This year’s presidential election is, among other things, a two-Junior race. “We hadn’t noticed,” said the novelist Anne Bernays when Chatterbox phoned her and her biographer husband, Justin Kaplan, for comment. Kaplan and Bernays are the co-authors of The Language of Names, a delightful and authoritative book about the meaning of names. (This is a theme Kaplan previously explored in his biographies of Mark Twain and Walt Whitman. Bernays’ credentials in this field come partly through blood: She’s the grand-niece of Sigmund Freud and the daughter of Edward Bernays, the “father of public relations.”) Although Bernays and Kaplan had little to say about the deeper meaning of a two-Junior presidential contest–when prompted, they argued that Dubya wasn’t an “authentic Junior” because he is George W. Bush, while his father is George H.W. Bush, a point Chatterbox regards as a quibble–they made clear their general disapproval of Junioring. “We think it’s a very heavy burden for anybody to bear,” Bernays said. “Neither of us would ever name our child a Junior.” (This view is shared by the government of Germany, which forbids a parent to impose his own name on a child.)
The pressures of being a Junior tend to drive offspring either to great success or to mental breakdown. The Language of Names observes that 76 percent of the permanent elected officers of the Harvard Class of 1945 were Juniors, compared to only 21 percent of the class as a whole and about 3 percent of the general population. (This may also reflect the advantages of wealth since in that era Juniors were disproportionately upper class; though in those days almost everybody who went to Harvard was born into the upper class.) But Juniors were also found to be three times as prevalent in the psych ward of a Veterans Administration hospital in Cleveland, circa 1971, as in the population as a whole. This according to a study published 29 years ago by Robert Plank in Names, a journal of “onomastics” (the study of names) put out by the American Name Society. Nobody has ever reproduced Plank’s results–fully 10 percent of the inhabitants Plank found in his Cleveland nuthouse were Juniors–but Edwin D. Lawson, a psychiatrist at State University College, Fredonia, N.Y., found elevated levels of Juniorness among manic depressives when he studied mental patients in Chautauqua County, N.Y., in the late 1980s. “Being ‘junior’ is a pain in the ass,” Lawson told Chatterbox, especially if “the marriage isn’t successful. The wife looks at the kid and hates the bastard.”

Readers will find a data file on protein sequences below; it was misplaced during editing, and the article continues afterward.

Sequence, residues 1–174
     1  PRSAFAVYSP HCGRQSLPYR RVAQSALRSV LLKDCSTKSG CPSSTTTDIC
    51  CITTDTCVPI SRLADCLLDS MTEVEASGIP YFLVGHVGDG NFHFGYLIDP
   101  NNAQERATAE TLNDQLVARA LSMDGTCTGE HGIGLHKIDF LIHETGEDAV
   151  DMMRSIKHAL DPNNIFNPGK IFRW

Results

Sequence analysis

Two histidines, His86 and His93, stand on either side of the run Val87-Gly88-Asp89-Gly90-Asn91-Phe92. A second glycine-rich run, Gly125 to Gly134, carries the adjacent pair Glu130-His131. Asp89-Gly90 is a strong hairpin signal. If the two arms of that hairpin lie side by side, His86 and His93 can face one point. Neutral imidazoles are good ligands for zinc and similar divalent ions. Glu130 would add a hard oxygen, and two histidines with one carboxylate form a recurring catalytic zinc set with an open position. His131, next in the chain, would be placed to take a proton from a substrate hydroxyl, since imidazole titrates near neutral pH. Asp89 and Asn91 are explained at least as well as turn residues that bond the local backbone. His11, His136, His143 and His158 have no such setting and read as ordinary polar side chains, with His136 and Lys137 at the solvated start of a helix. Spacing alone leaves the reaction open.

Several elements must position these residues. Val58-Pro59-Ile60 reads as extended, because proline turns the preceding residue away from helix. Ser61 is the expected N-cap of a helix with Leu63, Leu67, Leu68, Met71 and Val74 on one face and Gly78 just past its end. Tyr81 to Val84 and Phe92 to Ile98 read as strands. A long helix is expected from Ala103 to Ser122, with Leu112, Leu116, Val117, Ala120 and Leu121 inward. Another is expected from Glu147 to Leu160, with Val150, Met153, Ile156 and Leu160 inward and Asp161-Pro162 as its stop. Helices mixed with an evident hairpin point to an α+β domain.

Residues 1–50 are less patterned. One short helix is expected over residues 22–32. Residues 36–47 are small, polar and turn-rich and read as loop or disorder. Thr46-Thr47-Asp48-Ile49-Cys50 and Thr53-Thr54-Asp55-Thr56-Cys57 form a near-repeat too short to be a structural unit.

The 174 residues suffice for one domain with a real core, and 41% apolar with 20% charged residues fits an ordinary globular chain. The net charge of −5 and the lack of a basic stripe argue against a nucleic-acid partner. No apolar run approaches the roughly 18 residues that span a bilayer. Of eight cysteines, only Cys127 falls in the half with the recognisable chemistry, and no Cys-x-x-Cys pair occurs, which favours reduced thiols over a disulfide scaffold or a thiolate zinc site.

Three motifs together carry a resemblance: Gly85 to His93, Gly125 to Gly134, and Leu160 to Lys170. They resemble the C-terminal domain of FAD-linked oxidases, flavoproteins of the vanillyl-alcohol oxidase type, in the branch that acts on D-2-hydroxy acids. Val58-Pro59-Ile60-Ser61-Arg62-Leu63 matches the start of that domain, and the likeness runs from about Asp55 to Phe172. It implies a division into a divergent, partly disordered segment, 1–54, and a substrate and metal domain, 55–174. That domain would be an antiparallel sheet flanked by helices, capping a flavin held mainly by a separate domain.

The good news is that there seems to be a gut-level sense among experts (none of whom could cite hard evidence) that Junioring is far less prevalent today than it used to be. “I think men are being a little more sensitive these days,” Bernays offered by way of explanation. Edward Callary, an English professor at Northern Illinois University who currently edits Names, observed that today it’s much more common for a father to make his first name the middle name of his first-born son. It should be noted, however, that Al Gore Juniored his own first-born son. This is hard to understand, since Gore must have personally experienced the diminishment that comes from being a Junior; it’s what made him “Al” long before the advantages of a short, informal first name were recognized in politics. (It’s also what reduced Bush to “Dubya.” Dubya never got the chance to Junior a first-born son because he fathered two girls; the Bush family’s third-generation George is Jeb’s son.)
Nine previous presidents have been named after their father. Either Bush or Gore will be the 10th. Chatterbox will examine this historical record tomorrow.